Toronto Wolfpack to Be First Pro Sports Team to Launch a Line of Cannabis Products
The team will be selling Rugby Strength, a CBD topical being branded as a way to manage pain, through a new subsidiary called HowlBrands.
Toronto Wolfpack is launching a line of CBD topicals. Photos via THE CANADIAN PRESS/Nathan Denette and Toronto Wolfpack
Canada’s first professional rugby team is getting in on the most hyped trend in weed.
The Toronto Wolfpack is set to launch a line of CBD products aimed at athletes, becoming the first pro sports team in the world to do so.
The Wolfpack, the first North American team to compete in the Rugby League Football system, has created HowlBrands Inc., a subsidiary through which it will develop and sell hemp-derived CBD products targeted at active people, starting with a topical cream called Rugby Strength that will be available for sale in the UK and US this July. CBD aka cannabidiol is a non-intoxicating compound found in cannabis, meaning it doesn't get a person high.
“Rugby is a gladiatorial sport. You have your fair share of bumps and bruises and for recovery and inflammatory pain management CBD products are very, very effective,” David Argyle, chairman of the Toronto Wolfpack, told VICE.
The Wolfpack is partnering with International Cannabis Corp. and Organic Flower to manufacture and distribute the product line in Europe and the US, respectively. The team told VICE it is also in talks with Canadian licensed producers to launch the line in Canada when topicals are legalized later this year. However, it will have to be careful how it markets itself in Canada. It’s not legal to make health claims about weed products sold in the recreational market here; even on the medical side, clinical evidence is needed to make health claims.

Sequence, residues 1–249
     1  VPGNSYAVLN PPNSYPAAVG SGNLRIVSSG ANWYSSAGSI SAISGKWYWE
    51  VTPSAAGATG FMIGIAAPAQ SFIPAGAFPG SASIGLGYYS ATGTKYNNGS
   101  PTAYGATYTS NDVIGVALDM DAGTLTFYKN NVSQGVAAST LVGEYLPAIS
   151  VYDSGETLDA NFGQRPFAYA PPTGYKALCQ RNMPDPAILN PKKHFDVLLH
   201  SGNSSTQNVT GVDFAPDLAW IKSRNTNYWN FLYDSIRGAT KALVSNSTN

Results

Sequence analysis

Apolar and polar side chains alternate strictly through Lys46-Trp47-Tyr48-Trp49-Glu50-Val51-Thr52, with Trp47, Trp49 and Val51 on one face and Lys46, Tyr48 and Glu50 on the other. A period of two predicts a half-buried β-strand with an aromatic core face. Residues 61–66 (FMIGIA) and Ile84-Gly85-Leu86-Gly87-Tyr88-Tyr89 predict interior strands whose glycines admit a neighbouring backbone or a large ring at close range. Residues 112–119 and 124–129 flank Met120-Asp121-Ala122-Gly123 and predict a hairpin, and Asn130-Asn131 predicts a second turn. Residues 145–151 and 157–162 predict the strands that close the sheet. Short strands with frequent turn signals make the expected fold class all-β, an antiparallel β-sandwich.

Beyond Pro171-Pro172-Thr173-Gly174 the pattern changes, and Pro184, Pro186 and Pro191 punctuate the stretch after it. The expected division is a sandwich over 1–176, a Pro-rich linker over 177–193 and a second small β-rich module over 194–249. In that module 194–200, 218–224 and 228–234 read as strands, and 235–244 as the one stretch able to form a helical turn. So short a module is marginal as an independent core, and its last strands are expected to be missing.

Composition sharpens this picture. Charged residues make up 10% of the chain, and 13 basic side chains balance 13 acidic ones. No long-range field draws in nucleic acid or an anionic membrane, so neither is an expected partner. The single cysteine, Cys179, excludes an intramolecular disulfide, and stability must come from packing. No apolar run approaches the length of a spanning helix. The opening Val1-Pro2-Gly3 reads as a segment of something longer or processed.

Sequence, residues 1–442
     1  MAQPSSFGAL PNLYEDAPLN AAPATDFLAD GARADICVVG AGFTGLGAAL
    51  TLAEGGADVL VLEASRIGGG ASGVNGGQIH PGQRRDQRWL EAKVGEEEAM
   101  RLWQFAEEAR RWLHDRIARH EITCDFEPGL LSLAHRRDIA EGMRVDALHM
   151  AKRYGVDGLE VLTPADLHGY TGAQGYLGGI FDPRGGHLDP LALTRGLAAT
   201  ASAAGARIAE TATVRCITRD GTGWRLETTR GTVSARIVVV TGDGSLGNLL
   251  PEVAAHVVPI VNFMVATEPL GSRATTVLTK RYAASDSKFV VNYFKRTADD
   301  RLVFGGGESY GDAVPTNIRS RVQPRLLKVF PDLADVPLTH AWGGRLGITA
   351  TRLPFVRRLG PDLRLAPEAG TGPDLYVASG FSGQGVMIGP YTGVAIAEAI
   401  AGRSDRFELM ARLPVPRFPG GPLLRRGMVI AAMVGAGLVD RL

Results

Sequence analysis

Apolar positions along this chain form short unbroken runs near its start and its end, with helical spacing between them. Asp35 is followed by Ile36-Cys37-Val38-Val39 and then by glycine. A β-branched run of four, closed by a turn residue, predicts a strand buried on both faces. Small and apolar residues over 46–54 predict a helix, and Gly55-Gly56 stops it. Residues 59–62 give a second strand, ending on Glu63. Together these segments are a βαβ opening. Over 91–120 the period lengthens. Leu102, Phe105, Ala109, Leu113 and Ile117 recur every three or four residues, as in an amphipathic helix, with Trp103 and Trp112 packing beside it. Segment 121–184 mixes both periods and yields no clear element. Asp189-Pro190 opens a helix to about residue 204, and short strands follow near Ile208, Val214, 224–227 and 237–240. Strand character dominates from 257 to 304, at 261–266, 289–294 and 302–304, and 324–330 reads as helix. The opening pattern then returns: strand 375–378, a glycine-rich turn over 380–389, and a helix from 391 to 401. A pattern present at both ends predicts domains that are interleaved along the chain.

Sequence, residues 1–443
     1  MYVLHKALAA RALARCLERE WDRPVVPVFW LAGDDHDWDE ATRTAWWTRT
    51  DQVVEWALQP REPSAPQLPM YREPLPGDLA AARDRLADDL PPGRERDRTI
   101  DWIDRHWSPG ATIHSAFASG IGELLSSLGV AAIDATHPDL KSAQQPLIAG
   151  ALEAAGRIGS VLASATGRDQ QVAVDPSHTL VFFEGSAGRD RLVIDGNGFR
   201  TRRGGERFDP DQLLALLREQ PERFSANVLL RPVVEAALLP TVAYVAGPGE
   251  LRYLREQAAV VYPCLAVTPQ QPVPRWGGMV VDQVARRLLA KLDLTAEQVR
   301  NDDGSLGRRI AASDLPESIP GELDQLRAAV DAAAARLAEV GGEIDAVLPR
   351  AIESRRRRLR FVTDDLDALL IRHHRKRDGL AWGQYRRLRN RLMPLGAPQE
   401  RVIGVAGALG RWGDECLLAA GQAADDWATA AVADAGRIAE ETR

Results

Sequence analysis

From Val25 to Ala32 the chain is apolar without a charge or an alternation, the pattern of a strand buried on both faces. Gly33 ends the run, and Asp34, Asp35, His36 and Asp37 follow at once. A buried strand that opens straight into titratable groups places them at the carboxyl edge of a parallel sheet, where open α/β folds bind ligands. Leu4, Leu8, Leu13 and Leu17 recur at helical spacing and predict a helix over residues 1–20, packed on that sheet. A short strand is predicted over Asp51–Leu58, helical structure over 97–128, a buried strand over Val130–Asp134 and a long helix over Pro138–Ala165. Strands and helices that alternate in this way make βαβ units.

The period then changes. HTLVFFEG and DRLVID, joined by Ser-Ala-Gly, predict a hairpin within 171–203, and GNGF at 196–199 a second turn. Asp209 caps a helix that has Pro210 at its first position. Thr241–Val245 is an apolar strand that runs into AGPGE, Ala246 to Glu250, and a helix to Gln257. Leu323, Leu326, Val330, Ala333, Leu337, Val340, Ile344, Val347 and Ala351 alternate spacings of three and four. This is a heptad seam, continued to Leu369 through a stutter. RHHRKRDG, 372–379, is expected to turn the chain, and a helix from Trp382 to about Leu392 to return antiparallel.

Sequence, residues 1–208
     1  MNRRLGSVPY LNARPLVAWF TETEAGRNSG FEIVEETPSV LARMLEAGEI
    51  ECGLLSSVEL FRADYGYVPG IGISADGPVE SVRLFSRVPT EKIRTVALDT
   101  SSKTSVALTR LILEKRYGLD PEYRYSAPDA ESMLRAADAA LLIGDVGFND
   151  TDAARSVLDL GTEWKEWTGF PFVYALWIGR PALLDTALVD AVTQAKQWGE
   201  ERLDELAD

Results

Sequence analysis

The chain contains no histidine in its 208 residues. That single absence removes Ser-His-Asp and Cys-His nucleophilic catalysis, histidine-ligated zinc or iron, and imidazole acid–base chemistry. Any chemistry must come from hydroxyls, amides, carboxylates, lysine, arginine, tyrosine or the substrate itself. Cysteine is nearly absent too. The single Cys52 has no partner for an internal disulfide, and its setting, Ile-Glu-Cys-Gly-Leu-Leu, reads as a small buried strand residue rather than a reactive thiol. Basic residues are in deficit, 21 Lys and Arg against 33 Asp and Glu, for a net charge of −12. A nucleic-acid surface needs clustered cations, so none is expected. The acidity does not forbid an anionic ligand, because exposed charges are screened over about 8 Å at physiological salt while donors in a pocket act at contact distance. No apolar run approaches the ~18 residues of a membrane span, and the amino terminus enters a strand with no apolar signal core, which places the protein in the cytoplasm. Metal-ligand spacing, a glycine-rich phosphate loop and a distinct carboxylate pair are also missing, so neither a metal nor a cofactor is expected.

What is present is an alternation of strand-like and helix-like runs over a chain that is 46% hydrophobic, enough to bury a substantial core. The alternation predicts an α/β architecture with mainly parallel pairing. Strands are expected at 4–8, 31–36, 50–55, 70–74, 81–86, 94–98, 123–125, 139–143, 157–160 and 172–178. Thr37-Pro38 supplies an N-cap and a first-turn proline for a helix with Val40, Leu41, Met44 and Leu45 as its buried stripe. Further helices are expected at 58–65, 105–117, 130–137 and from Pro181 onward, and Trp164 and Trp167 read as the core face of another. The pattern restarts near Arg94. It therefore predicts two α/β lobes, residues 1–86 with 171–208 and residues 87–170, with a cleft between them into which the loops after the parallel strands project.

Aside from topical creams, HowlBrand’s portfolio is set to include therapeutic relief balms, sport pain CBD tinctures, CBD-infused soaks, and topical roll-ons and “healing sticks.” The products will be sold in a chain of pharmacies in the UK and online in the US.
Rugby Strength, a body cream, will be available in varieties of 125, 250, and 500 milligrams of CBD, with prices ranging from $30 to $80 USD. HowlBrands is marketing Rugby Strength as a product that can reduce pain and discomfort, support recovery, and “enhance fitness and performance.” Its tagline is, "we know a thing or two about pain!"
While the Toronto Wolfpack have had success on the field—they currently sit first in second-tier Betfred Championship and were nearly promoted to the top tier last year—being a transatlantic team in a mostly English league has unique fiscal challenges. The team pays for the travel costs of visiting clubs, pays for the TV production of its home games and doesn’t get a cut of the league’s TV deal. And while the team’s home games are quite well attended—recent games both topped more than 8,000 people—the Wolfpack have about 1,400 season ticket holders.The team missed payroll in December
—which was fixed within a few days when original ownership stepped in —prior to a new $10-million investment in the company.
The team’s latest venture comes at a time when CBD—being marketed as a wellness cure-all—is flying off the shelves in Canada. There’s a push from the Canadian Health Food Association and Canadian Hemp Trade Alliance to reclassify CBD as a natural health product rather than a drug, in order to ease restrictions around how it can be produced and sold.
While there’s no doubt that CBD is trendy, for athletes there remains a stigma around any sort of cannabis use, as many sports still enforce strict punitive measures for its use.
Five years ago, Toronto-based Muay Thai fighter Angelina Blessed told VICE she didn’t consume cannabis. Now she medicates daily, using both THC and CBD to help her get more out of workouts, manage pain, relax, and sleep better.
“I went from really light three to five [kilometre] jogs to starting a runners’ group where we were doing 15-km trail runs and we would stop and blaze or eat edibles,” Blessed said.
Over the years, she’s suffered from multiple concussions, including one where she temporarily lost her speech. Rather than turn to opioids, Blessed said she’s used CBD to treat her symptoms.
Rugby League players, governed by the World Anti-Doping Authority, are allowed to have CBD in their systems, but not THC. Because HowlBrands’ products will be derived from hemp plants, they won’t contain THC. And while the Wolfpack is the first pro team to launch its own line of CBD products, the crossover between weed and sports is becoming more common.
Argyle said HowlBrands will offer players an alternative to conventional pain relief treatments coming from Big Pharma.
However, more clinical studies are needed to verify the many touted therapeutic benefits of CBD.
Cannabis data firm New Frontier Data predicts the CBD industry in the US will be worth $2 billion by 2022, up from $367 million in 2017.